Volvo's new V70 wagon was introduced simultaneously at 40 European locations and at the Detroit and Brussels auto shows on Monday, January 10. Volvo invited about 20,000 customers to see the new wagon in Europe.
The wagon and its sibling, the Volvo V70 XC, will be made in Volvo's factory in Torslanda, Sweden, initially. Eventually, the cars will also be made in Ghent, Belgium. Volvo is planning for worldwide volume of about 80,000 vehicles.
The front-wheel-drive V70 wagon will be launched first. The all-wheel-drive V70 XC, called the Cross Country, will go on sale in August.
The new V70 is 100mm shorter than the current generation V70, but the new car actually looks larger and has more interior volume. To make the car shorter, achieving greater torsional stiffness in the process, Volvo had to keep the bumpers from protruding. This was achieved by suspending the radiator in elastic elements. When the car is involved in a low speed frontal collision, the radiator springs backward without being damaged.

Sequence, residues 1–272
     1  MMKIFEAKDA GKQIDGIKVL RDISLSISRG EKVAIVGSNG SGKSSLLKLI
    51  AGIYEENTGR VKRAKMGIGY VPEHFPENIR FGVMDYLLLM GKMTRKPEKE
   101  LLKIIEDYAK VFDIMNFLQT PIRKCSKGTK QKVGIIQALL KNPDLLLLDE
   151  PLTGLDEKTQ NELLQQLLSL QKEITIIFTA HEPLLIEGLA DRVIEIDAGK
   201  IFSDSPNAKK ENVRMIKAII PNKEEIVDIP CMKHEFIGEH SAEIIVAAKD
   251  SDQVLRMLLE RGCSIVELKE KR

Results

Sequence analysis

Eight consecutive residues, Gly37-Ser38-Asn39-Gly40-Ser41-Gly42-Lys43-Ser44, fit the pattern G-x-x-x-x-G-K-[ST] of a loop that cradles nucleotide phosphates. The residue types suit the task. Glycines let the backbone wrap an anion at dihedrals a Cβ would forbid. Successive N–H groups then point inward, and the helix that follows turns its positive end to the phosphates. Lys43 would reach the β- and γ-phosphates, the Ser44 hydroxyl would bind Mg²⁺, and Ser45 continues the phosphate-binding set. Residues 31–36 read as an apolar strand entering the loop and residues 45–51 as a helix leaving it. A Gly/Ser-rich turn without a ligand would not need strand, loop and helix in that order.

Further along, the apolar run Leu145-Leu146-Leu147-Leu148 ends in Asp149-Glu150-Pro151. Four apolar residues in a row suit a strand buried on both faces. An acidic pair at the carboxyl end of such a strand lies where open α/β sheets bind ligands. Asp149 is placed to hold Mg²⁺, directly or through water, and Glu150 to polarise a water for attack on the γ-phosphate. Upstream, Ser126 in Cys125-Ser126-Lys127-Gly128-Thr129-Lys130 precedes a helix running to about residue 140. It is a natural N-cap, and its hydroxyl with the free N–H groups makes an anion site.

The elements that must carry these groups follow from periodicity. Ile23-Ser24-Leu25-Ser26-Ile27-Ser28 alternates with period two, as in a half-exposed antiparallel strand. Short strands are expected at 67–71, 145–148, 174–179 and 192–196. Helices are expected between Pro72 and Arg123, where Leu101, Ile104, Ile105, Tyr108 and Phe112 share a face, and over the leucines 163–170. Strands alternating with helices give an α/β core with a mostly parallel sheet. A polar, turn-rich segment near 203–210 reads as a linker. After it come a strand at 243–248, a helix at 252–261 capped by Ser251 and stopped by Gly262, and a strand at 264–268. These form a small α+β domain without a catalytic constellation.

The joints in the wagon's vertical tailgate are bonded instead of spot-welded, saving space and producing greater torsional stiffness.
The wagon includes a number of details designed with input from customers. It can be equipped with a shopping bag holder and a rear-seat table and also comes with a waste-paper basket that fits onto a rear tunnel console. There is also a coat hangar in the form of a small button on the passenger-seat headrest.
Customers in Europe will be able to choose between three turbocharged gasoline engines (1.9-liter and 2.4-liter light-pressure turbos, and a 2.3-liter high-pressure turbo) and a 2.4-liter turbodiesel. The range will be extended in the future to include five normally aspirated engines. The V70 will come with a five-speed automatic transmission with an adaptive gearbox. There will also be a five-speed manual.